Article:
So, according to Moldbug, political changes over time aren't due to different movements waxing and waning in power and support, but rather due to one grand movement changing its mind? He seems to be a shockingly vanilla conspiracy theorist, given what I've heard of him. I'm surprised that LWers put up with him...
It's possible that this perception of undifferentiated gossiping masses may be affected by bias in what the named characters listen to. The male population of Hogwarts might well seem like an undifferentiated Quidditch-loving mass if it weren't for Harry's tendency to fling Quieting Charms around when he wants to get out of conversation. (And, as a more literary reason, the girls' gossip is often plot-relevant whereas Quidditch jabberings wouldn't be.)
So, by this law, Harry and the Weasley twins disturbing Neville outside the Hogwarts Express on the first day was the objectively right thing to do?
It's possible that Quirrell's ongoing issues with fine motor control have been with him for long enough to become known. He's not going to be able to make the Philosopher's Stone that way.
Cross-posted from the TVTropes forum. (There's more to the post there, but I didn't think it all needed to be repeated.)
Why would this important? Well, obviously, this memory represents a huge turning point for Harry. This is when he started to turn against Dumbledore. It suggested to him an interpretation of his parents' death in which Dumbledore deliberately set them up for it. This interpretation of events is itself a bit suspect; Harry thinks (Ch. 46) he came to it sometime during or immediately after the period of his Dementation, but he can't quite place exactly when that was, and it certainly doesn't appear in his narration at the time. He is presently sticking to this interpretation even after receiving information that should falsify it: according to Snape, it is impossible to tamper with the memory of a prophecy.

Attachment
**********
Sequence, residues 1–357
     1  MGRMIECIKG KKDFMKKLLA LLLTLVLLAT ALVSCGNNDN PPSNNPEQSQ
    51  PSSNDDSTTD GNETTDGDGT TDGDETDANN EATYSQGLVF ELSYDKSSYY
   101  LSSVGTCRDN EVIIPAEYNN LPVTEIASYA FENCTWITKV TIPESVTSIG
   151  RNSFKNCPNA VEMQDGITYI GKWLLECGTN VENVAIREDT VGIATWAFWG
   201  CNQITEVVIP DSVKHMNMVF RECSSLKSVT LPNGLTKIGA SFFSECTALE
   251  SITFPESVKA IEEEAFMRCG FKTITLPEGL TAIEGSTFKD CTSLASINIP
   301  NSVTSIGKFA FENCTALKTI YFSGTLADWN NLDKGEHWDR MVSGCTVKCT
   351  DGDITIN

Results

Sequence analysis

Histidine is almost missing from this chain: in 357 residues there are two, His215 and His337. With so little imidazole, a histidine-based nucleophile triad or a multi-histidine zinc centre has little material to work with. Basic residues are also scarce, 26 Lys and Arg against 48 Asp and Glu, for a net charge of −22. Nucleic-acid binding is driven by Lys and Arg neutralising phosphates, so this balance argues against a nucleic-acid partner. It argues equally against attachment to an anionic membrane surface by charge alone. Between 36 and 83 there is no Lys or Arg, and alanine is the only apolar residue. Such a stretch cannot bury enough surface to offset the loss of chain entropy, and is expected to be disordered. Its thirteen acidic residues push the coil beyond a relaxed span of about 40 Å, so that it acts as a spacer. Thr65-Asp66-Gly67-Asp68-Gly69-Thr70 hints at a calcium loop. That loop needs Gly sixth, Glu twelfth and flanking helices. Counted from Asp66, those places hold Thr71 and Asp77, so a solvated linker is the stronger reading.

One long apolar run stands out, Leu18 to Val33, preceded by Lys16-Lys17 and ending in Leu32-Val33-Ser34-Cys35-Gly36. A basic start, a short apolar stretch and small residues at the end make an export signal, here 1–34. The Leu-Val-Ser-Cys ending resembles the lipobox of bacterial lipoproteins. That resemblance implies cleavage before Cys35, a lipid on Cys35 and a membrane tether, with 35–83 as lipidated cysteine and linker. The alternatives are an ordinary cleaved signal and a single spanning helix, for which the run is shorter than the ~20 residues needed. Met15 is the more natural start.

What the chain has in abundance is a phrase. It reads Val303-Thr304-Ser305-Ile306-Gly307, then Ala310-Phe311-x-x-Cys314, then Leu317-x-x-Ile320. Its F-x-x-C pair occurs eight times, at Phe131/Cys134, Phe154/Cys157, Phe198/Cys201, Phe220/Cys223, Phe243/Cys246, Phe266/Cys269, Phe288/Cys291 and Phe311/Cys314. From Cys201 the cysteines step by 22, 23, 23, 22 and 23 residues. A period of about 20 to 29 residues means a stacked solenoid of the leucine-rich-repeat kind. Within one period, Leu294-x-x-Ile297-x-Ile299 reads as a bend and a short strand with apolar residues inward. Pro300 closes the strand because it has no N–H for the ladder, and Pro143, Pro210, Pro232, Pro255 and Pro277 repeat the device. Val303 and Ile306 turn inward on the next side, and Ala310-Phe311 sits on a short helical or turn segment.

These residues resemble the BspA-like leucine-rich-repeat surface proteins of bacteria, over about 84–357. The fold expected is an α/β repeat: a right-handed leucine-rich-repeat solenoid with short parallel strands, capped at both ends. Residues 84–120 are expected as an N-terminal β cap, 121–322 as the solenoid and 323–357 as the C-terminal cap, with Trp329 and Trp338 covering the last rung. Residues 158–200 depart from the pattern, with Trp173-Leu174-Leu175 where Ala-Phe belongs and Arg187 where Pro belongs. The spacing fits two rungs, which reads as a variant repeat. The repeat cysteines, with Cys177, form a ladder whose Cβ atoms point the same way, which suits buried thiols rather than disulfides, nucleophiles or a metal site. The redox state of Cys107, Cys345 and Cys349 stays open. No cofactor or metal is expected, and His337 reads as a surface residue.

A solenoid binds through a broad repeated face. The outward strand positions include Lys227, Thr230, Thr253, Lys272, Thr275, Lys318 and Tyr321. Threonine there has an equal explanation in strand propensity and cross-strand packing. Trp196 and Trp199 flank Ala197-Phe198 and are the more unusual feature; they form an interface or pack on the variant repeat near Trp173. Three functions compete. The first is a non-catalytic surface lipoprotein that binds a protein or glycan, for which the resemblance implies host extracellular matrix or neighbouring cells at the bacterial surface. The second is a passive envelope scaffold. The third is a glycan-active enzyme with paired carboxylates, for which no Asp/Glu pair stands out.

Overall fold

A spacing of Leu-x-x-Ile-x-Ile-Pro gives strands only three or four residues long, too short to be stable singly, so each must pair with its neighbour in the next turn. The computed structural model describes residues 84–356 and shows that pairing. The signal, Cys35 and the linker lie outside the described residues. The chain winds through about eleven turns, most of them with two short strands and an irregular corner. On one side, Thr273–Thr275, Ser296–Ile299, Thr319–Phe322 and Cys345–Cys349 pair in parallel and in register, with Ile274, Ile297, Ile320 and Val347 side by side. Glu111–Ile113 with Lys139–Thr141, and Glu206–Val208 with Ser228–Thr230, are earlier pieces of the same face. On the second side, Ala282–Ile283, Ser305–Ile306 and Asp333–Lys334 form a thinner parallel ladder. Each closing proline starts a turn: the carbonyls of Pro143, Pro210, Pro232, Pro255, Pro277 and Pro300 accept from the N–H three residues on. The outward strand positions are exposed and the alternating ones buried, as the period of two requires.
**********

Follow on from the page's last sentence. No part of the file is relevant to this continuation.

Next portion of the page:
And, let's not forget, there's another reason this is important: the memory is leaking back into Snape. According to Minerva, Snape is held to Dumbledore's service by his guilt over Lily's death. Whether or not Lily was tortured seems to matter to him... perhaps Dumbledore had told him that she was. Now, Snape knows that the memory falsifies torture; this may weaken the bonds tying him to Dumbledore. This is without even touching upon Harry's interpretation of events, in which Dumbledore deliberately set up Lily and James to be killed in order to bring down Voldemort. Obviously, should Snape come to the same conclusion, his anger over the death of Lily will suddenly pivot and he will become unpredictable.
Remember that, in canon, Voldemort does indeed take over the Ministry with a few Imperiuses and a few assassinations.
Remember that Harry had also learned that Quirrell had successfully used Avada Kedavra on two Death Eaters. Moody says that it isn't hard to cast AK for a second time, and Harry already knows that this time would have been at least Quirrell's third.
It's not actually required that children say it; it would, in fact, violate the Constitution to mandate political speech, even from students. But it's expected that students recite the Pledge, and most do.
Replies are not necessarily as good or worse than their parents. A lot of the Sequences on this site might be construed as "replies" to more mainstream statistics, philosophy, or science, and yet I would certainly hope that the Sequence entries would get more upvotes than their parents.
Perhaps a way to make this work would be to automatically unhide downstream comments whose upvotes are greater than the sum of the downvotes of all its negative-karma parents? In that way, a good (ie. high-karma) discussion can't be killed by a low-karma parent thread so easily.